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The Olive Branch

What is Noise Induced Hearing Loss (NIHL)?

loud music concert that can cause noise induced hearing loss

Noise-induced hearing loss (NIHL) is a preventable form of hearing loss caused by either a sudden loud noise or prolonged exposure to loud noise. As a result, it can occur suddenly or develop over a longer period of time.


We are exposed to noise every day; it’s just a part of life! Whether it’s a dog barking or the beep of a man-made traffic crossing, the sounds in our environment are unavoidable, and often made for a reason. This noise is usually at such a safe level that there is no risk that it could damage our hearing. 


Nevertheless, loud noise can be detrimental to your hearing health. Even if your exposure to the loud noise is very brief, it can still cause irreversible hearing damage in one or both ears, and occur either immediately or after a while. This is an important point because it means that you could be damaging your hearing every day without knowing the severity of the damage inflicted until much later in life. 


Fortunately, this also means that noise-induced hearing loss is preventable (actually, it’s the only completely preventable form of hearing loss). By understanding the dangers of loud noise and implementing some precautions, you can easily reduce your risk of developing this frustrating condition.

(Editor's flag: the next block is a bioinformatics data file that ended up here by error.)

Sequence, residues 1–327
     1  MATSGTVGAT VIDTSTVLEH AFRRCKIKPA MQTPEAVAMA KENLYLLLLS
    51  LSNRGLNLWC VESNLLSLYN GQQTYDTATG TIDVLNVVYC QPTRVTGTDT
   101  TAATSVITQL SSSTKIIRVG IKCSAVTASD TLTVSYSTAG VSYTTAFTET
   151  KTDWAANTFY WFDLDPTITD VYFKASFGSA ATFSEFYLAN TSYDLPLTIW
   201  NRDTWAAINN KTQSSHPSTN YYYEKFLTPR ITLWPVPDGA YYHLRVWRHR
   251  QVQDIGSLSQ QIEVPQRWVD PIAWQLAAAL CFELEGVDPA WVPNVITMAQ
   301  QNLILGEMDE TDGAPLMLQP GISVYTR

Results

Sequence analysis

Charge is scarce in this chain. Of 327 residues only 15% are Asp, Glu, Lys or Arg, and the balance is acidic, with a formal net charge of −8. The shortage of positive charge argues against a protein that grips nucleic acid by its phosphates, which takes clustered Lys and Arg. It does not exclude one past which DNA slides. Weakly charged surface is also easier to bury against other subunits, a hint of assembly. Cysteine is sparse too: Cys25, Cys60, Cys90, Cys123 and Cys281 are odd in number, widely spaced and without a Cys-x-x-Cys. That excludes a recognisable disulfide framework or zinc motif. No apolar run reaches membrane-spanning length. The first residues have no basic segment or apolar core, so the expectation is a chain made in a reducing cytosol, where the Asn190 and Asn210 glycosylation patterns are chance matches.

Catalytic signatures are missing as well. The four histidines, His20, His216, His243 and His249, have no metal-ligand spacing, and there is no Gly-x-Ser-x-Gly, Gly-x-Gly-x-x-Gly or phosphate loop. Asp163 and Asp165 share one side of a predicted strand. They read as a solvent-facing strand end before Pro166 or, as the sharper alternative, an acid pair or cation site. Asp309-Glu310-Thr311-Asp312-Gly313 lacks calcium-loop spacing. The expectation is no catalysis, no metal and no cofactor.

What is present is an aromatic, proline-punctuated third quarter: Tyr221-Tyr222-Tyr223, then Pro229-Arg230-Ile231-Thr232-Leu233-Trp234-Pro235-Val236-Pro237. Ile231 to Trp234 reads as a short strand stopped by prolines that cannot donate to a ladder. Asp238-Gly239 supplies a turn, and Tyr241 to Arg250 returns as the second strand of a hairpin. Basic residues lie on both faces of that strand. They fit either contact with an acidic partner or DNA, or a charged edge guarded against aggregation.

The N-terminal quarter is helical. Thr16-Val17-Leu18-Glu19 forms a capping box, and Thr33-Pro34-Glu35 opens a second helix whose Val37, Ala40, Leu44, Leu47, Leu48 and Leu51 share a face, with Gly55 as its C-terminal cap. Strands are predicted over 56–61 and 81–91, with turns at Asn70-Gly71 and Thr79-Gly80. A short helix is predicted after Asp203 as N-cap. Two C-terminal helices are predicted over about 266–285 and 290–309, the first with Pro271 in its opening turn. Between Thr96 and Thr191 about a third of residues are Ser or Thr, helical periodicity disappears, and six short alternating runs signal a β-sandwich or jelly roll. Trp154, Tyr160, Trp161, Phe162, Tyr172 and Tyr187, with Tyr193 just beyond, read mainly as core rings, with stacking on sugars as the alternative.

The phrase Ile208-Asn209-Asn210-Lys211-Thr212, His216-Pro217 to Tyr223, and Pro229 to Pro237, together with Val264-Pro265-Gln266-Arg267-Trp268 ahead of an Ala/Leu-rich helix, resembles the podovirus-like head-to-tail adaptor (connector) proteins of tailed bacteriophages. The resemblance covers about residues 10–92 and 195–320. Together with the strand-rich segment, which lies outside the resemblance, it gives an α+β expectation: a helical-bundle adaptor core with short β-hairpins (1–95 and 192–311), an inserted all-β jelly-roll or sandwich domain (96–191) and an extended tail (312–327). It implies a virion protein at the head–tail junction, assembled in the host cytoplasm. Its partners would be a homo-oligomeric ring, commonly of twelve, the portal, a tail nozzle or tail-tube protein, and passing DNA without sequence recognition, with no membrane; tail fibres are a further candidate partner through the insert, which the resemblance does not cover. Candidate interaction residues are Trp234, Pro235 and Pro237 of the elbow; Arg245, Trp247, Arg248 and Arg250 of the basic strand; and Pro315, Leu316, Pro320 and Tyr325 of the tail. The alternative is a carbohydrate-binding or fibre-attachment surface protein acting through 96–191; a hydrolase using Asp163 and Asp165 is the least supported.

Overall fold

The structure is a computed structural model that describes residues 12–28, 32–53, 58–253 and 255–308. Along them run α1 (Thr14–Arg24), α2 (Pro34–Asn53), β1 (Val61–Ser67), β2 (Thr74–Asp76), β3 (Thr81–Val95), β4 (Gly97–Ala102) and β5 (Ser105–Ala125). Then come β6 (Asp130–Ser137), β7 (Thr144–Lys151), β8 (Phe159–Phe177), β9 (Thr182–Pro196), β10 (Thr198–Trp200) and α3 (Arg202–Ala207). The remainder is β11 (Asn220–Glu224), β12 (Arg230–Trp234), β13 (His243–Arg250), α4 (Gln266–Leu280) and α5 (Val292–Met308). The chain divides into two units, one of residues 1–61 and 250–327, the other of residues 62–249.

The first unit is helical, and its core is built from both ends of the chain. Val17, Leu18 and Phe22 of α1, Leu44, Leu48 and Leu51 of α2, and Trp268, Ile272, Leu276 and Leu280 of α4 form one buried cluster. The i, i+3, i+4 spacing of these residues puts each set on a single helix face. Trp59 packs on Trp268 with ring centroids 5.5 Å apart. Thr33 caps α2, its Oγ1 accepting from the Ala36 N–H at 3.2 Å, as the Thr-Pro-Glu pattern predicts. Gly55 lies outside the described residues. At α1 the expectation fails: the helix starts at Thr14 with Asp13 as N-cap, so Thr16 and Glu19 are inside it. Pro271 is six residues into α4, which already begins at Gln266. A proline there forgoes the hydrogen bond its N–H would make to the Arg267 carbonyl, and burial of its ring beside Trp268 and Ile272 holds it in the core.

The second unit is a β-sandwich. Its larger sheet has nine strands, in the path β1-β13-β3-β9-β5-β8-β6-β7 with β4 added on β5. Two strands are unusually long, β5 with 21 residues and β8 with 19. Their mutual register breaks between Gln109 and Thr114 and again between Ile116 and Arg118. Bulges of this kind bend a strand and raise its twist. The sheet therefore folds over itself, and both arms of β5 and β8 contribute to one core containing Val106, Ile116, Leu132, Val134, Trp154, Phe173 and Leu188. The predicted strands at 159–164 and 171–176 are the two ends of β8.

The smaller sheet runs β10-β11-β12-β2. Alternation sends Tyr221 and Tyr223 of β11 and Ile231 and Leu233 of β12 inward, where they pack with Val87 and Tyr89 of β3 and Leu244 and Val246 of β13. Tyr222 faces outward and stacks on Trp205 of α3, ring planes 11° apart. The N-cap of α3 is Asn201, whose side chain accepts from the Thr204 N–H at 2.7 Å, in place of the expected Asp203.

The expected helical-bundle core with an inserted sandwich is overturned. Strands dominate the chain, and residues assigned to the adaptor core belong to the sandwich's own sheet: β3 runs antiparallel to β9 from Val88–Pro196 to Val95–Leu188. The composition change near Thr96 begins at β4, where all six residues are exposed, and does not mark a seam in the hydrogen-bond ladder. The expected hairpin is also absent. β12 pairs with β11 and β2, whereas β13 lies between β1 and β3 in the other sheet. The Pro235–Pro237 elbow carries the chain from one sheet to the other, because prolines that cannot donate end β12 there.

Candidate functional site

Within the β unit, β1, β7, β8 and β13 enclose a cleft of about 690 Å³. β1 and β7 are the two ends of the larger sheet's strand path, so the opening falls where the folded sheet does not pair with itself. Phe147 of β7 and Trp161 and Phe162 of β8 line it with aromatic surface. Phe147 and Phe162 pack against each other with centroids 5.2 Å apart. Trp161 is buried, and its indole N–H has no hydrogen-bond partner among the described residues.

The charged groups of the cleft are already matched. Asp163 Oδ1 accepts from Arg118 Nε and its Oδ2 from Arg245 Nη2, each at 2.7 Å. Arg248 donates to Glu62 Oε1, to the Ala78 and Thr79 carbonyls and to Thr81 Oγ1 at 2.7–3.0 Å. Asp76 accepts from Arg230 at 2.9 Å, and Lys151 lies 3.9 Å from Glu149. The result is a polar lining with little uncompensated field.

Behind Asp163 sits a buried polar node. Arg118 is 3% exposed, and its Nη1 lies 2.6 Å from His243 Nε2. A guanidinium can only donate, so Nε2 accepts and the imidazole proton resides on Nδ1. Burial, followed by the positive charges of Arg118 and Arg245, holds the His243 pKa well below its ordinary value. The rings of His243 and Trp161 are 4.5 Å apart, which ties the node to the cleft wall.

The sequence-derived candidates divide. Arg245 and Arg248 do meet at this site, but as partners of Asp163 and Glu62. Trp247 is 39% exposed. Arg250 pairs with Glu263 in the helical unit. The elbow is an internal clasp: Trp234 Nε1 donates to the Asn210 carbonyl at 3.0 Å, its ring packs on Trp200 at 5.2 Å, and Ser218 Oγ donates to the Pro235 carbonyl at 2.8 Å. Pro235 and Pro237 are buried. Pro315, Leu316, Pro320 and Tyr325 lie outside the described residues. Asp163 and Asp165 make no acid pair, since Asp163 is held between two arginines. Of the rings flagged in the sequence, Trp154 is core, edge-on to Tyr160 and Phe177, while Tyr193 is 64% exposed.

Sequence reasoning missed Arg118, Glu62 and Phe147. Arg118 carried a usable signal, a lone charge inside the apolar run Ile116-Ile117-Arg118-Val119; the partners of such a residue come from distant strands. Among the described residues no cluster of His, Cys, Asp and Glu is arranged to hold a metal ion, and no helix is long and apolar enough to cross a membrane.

How Does Noise Damage Our Hearing?


The human ear contains tiny hair cells. These hair cells (sensory cells sitting on top of the basilar membrane) play an important role in our hearing. When the hair cells move up and down, stereocilia (tiny hair-like projections) on top of the hair cells bump against an overlying structure and bend. This causes pore-like channels at the tips of the stereocilia to open up. Chemicals can rush into the cell and an electrical signal is created to be carried by the auditory nerve to the brain. There, it will be interpreted as what we understand to be a particular sound.


Loud noise can damage and eventually cause the death of these important hair cells, disrupting the hearing process. Crucially, these hair cells don’t grow back, so the damage has a permanent effect.


Signs of Noise-Induced Hearing Loss


If your hearing is being slowly damaged by loud noise exposure, you might develop hearing loss quite gradually in a way that’s difficult to notice until the signs become much more pronounced. 


The damage from NIHL, when combined with aging, can lead to severe hearing loss, so you might only notice how bad your hearing has become until later on in life when the effects are more pronounced.


If sounds have become distorted or muffled, and you’re finding it rather difficult to understand people when they talk, you could be experiencing the key indicators of hearing loss. Likewise, if you experience ringing, buzzing, or roaring in the ears or head this could be tinnitus from loud noise exposure. 


If you have experienced a loud burst of sound (perhaps a gunshot or explosion), your eardrum can be ruptured and the bones in the middle ear damaged. NIHL can be immediate and permanent, so you might realize that you are suffering from NIHL straight away. This hearing loss might be temporary and disappear 16 to 48 hours later, but there could still be residual long-term damage.


Understanding Noise Levels


With an understanding of dangerous noise levels, you can work towards protecting your hearing for life. 


First things first, you need to know that noises above 85 dBA can cause damage to your hair cells. Sounds below 70 dBA are generally regarded as safe. However, your risk of NIHL is determined by a combination of how loud the sound is, how close you are to the source of the sound, and how long you are exposed to the sound.